1. Orchha: It developed as frescos, the art of painting in the middle of the sixteenth century. With vividness of the themes, profusion of black and blue colours, this Bundelkhand art style was pronounced by the area of Datia, other than having its impressions in the areas of Tikamgarh, Panna, Chhatarpur Dhubela. As a blend of Mughal and Rajput are forms, they are conspicuous on account of a smaller number of shades of colour used, and predominantly religious themes, Sanskrit and Brij Bhasha texts are represented.  With its simple form and pronounced lines, rectangular canvas has a narrative quality which is elaborately detailed and has unadorned borders. Endowed with miniature like finesse and precision with evolution of styles from mythological themes to more inclusive and secular themes as hunting, war, dance and floral patterns. 
  1. Raghogarh: Inspired by the Rajasthan counterparts, this form has justifiably managed to maintain a distinct art idiom for itself. The highly versatile style of rendering draws inspiration forms the two-thousand-year history that Ragogarh painters have followed in the former princely state of Central India. It portrays not just royal personages, but also their horse and other pets and distinguished guests that visited the place. Conventional themes as Ragamala, Bhagwad Purana, Usha Anirrudh, historical events are depicted. Simple borders in red ochre, robust male and comparatively simple costumes are distinctive attributes of this art.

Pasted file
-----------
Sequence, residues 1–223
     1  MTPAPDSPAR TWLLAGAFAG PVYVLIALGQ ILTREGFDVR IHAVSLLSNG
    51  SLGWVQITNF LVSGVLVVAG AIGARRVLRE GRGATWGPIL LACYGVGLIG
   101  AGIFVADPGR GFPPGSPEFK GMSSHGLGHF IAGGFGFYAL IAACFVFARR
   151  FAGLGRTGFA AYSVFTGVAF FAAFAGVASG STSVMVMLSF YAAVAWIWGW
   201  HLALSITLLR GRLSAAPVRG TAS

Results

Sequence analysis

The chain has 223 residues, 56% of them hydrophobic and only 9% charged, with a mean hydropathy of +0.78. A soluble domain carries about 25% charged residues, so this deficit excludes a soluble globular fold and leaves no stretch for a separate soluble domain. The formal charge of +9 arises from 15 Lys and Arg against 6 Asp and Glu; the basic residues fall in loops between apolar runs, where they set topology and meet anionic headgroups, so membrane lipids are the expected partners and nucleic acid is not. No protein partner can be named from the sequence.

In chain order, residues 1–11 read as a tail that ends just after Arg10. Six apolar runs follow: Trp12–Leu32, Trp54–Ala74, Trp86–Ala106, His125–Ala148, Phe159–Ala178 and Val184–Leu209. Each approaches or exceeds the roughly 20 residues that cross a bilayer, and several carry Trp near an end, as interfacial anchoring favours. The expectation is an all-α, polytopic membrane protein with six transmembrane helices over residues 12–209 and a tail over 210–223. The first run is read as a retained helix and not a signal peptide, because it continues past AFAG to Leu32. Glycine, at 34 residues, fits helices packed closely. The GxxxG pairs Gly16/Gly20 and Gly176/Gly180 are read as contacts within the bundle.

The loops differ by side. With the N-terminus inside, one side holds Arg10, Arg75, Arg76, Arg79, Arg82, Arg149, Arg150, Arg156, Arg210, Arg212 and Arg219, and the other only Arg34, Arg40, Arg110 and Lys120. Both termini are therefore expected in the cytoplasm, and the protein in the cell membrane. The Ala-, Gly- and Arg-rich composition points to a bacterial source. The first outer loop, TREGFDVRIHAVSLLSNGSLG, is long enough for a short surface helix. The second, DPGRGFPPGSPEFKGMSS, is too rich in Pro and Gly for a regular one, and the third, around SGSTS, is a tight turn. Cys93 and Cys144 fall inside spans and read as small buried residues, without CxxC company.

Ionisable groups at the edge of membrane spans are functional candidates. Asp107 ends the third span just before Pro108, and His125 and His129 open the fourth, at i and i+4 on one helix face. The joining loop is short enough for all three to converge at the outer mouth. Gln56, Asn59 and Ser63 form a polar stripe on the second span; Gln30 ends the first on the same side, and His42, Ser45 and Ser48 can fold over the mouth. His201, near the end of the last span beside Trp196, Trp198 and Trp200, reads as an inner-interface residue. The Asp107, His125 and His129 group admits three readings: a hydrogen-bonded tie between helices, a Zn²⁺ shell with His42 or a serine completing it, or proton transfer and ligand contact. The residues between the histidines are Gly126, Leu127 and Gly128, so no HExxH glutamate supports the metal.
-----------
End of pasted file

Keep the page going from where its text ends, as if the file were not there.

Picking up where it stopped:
Thus, the rich cultural diversity of India and a sacred repository of the quintessential traditions, customs and ideologies that have been passed from one generation to another. The aestheticism is defined and perceived in all enshrining forms, reiterating that beauty transcends religious boundaries and delights universally. Revival of the art is a pageant of tribute to the devotion, austerity and honor of the harmonious blend.